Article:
Once our most populous bird, the last passenger pigeon, named Martha, died in Cincinnati a hundred years ago. However, the sport that once abused those birds had long ago moved on and evolved into an activity many families enjoy today and to which many more families should be introduced.

Originally, they trapped a passenger pigeon under a hat or in a cage, and released it when the shooter was ready. Then they changed to glass balls filled with feathers, and later to clay targets. Today, the targets are still called pigeons and the things that fling them up into the air are still called traps.

Trap shooting, which is an international sport and an Olympic event, is done in hundreds of clubs around the country, but many believe that Naperville’s Sportsman’s Park is one of the very best. If this year goes as planned, and the necessary funds are found, it will become the jewel of outdoor sporting in Illinois and one of our proudest recreational amenities.

The Sportsman’s Club, which was founded in 1936, was made the steward of the current park property in 1948 and runs today’s shooting program. Sportsman’s Park is the only one in Illinois operated by a park district and, as far as I’m aware, the only one in this area that is public. Shooters don’t have to be members of the club, and don’t even have to be Naperville residents. They must pay a little bit more in each case, but it’s so inexpensive that it really doesn’t matter. For the record, I am not a member and have never shot at Sportsman’s Park.

The park has had its problems. Years ago, a man with a terrible disease became convinced that lead from the park had caused it. It hadn’t, and neither the groundwater nor the fish in the ponds were or are contaminated, but the lawsuits and controversy were enough to close the park for many months.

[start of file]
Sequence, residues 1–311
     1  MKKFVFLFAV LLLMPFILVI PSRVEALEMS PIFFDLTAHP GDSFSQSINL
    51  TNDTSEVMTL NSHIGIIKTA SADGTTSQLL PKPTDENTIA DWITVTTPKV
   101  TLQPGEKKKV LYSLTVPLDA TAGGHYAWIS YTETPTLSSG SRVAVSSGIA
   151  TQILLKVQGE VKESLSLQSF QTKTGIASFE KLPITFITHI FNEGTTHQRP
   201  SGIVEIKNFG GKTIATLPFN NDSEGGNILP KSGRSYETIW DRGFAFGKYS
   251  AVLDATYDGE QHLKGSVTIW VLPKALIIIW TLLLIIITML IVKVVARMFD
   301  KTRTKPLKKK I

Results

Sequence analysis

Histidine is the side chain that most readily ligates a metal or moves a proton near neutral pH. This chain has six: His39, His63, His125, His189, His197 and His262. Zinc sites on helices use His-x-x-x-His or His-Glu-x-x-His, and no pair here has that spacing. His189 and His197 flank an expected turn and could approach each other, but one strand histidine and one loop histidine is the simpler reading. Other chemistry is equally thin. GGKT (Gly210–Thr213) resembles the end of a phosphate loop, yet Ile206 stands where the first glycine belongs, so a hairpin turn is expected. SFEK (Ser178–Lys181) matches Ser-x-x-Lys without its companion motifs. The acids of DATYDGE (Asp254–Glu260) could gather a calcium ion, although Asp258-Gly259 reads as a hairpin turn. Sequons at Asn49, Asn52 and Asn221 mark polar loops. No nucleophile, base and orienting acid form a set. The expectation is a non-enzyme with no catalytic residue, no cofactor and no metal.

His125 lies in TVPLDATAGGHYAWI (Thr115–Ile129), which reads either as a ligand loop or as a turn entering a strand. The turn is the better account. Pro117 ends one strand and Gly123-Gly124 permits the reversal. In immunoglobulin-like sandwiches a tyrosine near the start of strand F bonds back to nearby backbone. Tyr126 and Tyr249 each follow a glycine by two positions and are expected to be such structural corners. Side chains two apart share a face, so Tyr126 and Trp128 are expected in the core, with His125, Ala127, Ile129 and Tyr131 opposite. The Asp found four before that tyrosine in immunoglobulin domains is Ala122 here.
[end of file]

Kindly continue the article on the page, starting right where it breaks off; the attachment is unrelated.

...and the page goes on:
There was obviously a lot of lead lying around in the shotfall area, however, and the Illinois EPA decided it had to be cleaned up. That wasn’t necessarily a bad thing. Metallic lead, like mercury, becomes toxic only if it is eaten or inhaled. Unfortunately, birds often mistake the shot for food and become poisoned. Today, the targets are biodegradable and only steel shot is allowed.

Steel shot, by the way, doesn’t spread out as much as lead shot, and thus requires less choke, which is a very slight narrowing in the inner diameter of the bore at the far end of the barrel. Radial forces keep the shot together over long distances. Less choke is required in skeet, where the targets come from the side and are closer to you, than in trap, where they are in front of you and farther away.

The cleanup is a very good thing in another way because when the remediation is finished it will allow the property to be used for other outdoor sports when it is not being used for shooting. There are, for example, two large ponds connected by a creek that, if made deeper, would be ideal for fishing. While dredging is admittedly expensive, the creation of two fishing holes in such a beautiful wooded environment that could be used and enjoyed five days a week seems too good to pass up.

Personally, with the provision that the core activity of the park is and always will be shooting, I would love to see the City Council and the people embrace the idea of making Sportsman’s Park what it should be, and what it is my understanding the members of the Sportsman’s Club have always wanted it to be.

While I don’t fish, I would love to have an archery range that I could use when I had a little spare time. And walking paths through the woods would be enjoyed by a great many people.

Once our most populous bird, the last passenger pigeon, named Martha, died in Cincinnati a hundred years ago.

However, the sport that once abused those birds had long ago moved on and evolved into an activity many families enjoy today and to which many more families should be introduced.